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This article is for Medical Professionals

Professional Reference articles are designed for health professionals to use. They are written by UK doctors and based on research evidence, UK and European Guidelines. You may find the Vitamin D Deficiency (Causes, Symptoms, and Treatment) article more useful, or one of our other health articles.

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Hypophosphataemic rickets is characterised by growth retardation, rickets or osteomalacia, hypophosphataemia, and renal defects in phosphate reabsorption and in vitamin D metabolism.[1] The X-linked form (X-linked dominant) is the most common with a defect in phosphate transport in the proximal tubule leading to persistent hypophosphataemia and high levels of phosphate in the urine. Much rarer autosomal dominant, recessive, and sporadic forms also occur.

  • Rare.
  • The degree of bone involvement is much less severe in heterozygous females. However, there is often a maternal as well as paternal family history of short stature.[2]
  • Slow growth rate in the first year of life.
  • Reluctance to weight-bear when beginning to stand or walk.
  • Late dentition, multiple dental abscesses.
  • Intellectual development is unaffected.
  • Widened joint spaces and flaring at the knees may become apparent in children by their first birthday, particularly in boys.
  • When a child begins to stand and walk, bowing of the weight-bearing long bones develops quickly.
  • Urinary loss of phosphate is increased because of decreased renal tubular reabsorption of phosphate.
  • Blood tests for serum calcium, phosphate, alkaline phosphatase and parathyroid hormone:
    • Serum calcium levels may be normal or slightly low.
    • Phosphate levels are low.
    • Alkaline phosphatase levels are increased.
    • Parathyroid hormone level is normal or slightly raised.
  • X-rays of the wrists, knees, ankles, and long bones: no pathognomonic signs distinguish hypophosphataemic rickets from any other aetiology.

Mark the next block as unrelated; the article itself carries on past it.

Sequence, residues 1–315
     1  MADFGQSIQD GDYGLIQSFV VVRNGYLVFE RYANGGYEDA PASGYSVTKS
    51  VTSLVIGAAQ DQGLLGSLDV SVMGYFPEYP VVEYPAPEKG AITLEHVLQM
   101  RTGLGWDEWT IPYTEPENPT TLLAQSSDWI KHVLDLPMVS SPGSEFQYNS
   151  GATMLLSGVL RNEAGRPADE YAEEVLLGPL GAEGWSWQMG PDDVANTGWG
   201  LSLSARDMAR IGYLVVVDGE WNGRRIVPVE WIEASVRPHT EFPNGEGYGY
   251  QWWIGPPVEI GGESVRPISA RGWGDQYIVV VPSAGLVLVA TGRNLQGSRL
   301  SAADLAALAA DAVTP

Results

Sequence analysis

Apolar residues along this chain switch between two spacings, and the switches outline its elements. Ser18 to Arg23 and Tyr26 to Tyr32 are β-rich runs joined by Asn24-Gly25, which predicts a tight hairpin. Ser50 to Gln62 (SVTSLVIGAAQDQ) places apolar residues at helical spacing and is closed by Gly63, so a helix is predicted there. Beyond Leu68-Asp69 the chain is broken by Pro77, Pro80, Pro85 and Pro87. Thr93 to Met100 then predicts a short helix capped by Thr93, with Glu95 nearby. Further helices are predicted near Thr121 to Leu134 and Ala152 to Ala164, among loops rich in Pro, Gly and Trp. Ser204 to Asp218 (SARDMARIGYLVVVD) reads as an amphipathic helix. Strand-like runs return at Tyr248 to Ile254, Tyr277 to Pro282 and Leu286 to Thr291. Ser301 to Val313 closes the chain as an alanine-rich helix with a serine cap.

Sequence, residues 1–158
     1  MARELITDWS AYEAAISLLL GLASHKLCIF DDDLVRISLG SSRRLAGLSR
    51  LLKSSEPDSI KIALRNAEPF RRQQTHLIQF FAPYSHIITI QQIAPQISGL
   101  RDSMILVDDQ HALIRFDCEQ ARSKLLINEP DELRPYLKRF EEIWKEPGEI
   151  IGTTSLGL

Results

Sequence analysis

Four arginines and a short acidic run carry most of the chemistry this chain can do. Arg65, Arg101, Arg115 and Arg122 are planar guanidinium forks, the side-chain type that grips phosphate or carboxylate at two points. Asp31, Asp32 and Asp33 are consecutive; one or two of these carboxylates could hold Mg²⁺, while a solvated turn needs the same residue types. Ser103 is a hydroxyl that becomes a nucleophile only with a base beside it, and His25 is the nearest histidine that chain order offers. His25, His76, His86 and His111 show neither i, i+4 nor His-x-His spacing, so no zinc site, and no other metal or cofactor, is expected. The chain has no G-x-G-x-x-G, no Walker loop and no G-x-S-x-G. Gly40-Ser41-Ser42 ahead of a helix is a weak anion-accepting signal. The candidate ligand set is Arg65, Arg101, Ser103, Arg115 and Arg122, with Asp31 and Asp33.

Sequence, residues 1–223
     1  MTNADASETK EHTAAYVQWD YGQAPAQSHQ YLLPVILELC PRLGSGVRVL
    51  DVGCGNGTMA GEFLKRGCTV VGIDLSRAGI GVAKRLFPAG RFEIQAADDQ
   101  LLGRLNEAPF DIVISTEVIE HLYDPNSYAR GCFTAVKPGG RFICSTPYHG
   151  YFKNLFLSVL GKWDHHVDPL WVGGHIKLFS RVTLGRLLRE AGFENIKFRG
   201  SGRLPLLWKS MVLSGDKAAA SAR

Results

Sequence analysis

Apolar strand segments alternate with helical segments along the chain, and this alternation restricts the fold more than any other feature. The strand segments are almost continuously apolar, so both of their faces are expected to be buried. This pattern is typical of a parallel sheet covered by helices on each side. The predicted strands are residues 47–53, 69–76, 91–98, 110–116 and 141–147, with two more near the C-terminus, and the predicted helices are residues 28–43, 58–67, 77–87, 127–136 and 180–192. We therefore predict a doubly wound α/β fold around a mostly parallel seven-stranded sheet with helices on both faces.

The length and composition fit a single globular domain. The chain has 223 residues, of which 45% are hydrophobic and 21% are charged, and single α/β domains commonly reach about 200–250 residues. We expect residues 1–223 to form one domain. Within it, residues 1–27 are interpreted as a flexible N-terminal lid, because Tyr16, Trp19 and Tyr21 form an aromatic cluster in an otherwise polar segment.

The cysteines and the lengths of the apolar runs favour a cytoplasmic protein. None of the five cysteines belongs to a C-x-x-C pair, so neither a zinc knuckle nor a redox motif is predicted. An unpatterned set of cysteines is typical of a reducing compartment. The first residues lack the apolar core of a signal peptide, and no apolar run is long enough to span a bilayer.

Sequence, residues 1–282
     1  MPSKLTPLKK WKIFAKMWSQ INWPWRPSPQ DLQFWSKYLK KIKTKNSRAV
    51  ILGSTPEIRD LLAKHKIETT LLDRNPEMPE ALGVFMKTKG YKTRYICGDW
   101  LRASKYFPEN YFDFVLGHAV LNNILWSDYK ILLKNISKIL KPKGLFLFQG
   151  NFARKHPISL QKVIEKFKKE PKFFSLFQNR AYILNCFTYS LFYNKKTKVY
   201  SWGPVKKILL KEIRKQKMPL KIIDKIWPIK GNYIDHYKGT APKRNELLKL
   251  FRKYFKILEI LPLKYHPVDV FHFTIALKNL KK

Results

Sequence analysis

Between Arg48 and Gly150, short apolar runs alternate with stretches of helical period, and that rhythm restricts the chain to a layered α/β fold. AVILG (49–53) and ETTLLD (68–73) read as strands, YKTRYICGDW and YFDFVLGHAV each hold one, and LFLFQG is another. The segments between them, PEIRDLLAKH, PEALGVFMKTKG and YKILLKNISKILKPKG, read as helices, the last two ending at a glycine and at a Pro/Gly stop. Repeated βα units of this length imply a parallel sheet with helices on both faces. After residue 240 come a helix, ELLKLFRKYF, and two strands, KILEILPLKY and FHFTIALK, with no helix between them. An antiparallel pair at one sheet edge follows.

• Periodic renal ultrasound is important to monitor for development of nephrocalcinosis.
  • Monitoring the ratio of calcium to creatinine in the urine is also important (a urinary ratio of calcium to creatinine more than 0.25:1 requires reduction of the vitamin D dosage to avoid nephrocalcinosis).
  • Patients under treatment should be carefully monitored for evidence of hyperparathyroidism.
  • Calcitriol (1,25-dihydroxycholecalciferol) - standard vitamin D preparations are not effective.
  • In some poorly growing patients, long-term growth hormone therapy given with conventional treatment improves linear growth.[3]
  • Calcitriol reduces but does not eliminate the risk of hypercalcaemic episodes, which may be frequent with vitamin D treatment.[2]
  • Amiloride and hydrochlorothiazide are given to increase calcium reabsorption and reduce the risk of nephrocalcinosis.[2]
  • Phosphate replacement is required because of the large urinary phosphate loss.
  • Osteotomy may be necessary for children whose diagnosis was delayed or whose initial treatment was inadequate.
  • Skull deformity may require treatment for synostosis.
  • Dental abscesses often require dental treatment.
  • Short stature, which is disproportionate, resulting from deformity and growth retardation of lower extremities.
  • Acute hypercalcaemia may occur during treatment.
  • Nephrocalcinosis, which does not usually progress to renal failure.
  • Hypertension may occur as a result of persistent hyperparathyroidism.
  • X-linked hypophosphataemic rickets is frequently associated with short stature, even when treatment is provided for a long time.[3]
  • Apart from the short stature, the prognosis is usually good with a normal lifespan.

Further reading and references

  1. Hypophosphatemic Rickets, X-linked Dominant, XLHR; Online Mendelian Inheritance in Man (OMIM)

  2. Roth KS; Hypophosphatemic Rickets, eMedicine, Feb 2009

  3. Saggese G, Baroncelli GI; Hypophosphataemic rickets. Horm Res. 200053 Suppl 3:57-60.